The Republicans are not the only ones who can maneuver here.  By delaying any progress, they are creating an opportunity within the Democratic side to find ways forward that are not entirely designed by Senator Dodd.

The Goldman Sachs appearance between Senator Carl Levin’s subcommittee on investigations is one wild card tomorrow.  President Obama beginning to become more energized and focused on this issue – including at least one speech this week – is another.

Republican stalling tactics have, in effect, introduced a greater element of randomness into the process.

The Republicans obviously want to slow reform or make it change direction.  They should be careful what they wish for.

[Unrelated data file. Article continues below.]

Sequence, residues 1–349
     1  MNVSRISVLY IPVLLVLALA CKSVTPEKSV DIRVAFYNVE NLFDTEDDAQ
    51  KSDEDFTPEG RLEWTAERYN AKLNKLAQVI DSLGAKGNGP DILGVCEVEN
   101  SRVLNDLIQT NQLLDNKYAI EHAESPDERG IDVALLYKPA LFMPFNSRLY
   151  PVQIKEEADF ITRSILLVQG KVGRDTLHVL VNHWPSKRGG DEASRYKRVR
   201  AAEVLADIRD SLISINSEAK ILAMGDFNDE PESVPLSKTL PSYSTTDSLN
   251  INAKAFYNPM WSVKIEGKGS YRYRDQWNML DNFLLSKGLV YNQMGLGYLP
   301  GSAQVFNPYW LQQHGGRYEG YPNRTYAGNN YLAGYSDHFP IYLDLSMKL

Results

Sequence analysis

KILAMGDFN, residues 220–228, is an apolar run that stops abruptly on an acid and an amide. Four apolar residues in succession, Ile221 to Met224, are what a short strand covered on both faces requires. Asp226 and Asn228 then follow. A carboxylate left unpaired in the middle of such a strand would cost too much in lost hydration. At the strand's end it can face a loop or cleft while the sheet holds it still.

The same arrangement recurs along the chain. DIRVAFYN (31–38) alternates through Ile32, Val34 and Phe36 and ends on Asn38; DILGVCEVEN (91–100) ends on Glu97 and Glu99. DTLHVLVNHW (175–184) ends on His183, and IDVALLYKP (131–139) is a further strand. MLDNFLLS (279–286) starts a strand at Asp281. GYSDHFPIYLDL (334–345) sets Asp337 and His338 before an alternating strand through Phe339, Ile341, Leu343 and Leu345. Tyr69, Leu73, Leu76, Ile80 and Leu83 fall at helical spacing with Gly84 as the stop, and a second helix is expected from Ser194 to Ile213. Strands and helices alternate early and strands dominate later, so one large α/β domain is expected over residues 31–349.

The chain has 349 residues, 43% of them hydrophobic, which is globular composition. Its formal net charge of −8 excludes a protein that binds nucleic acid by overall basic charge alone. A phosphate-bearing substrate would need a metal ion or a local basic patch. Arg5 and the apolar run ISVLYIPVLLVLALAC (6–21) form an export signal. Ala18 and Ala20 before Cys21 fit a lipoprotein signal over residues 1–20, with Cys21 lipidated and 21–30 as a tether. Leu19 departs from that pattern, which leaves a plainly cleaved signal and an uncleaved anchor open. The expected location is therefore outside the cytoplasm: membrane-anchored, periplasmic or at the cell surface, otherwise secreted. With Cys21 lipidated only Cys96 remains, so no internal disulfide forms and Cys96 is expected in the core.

77 thoughts on “The Republicans Help Reform, Inadvertently

  1. You seem to thinks the Democrats want something other than the Republicans do, when in fact they all want exactly the same thing: To claim to the peons that they did something, without actually changing anything for their biggest donors.

    The members of Congress who care about serious financial reform can be counted on the fingers of one hand. Even if its missing a couple of fingers.

  2. simon i commend u on your fight for real reform. at first you didnt seem to understand the campaign finance side of the political equation. u now seem to understand. but u still miss what most ppl miss. obama does not want to move the country left. he wants to move the left to rite. he wants to show that left solutions r wrong & establish the rite-center as the new left.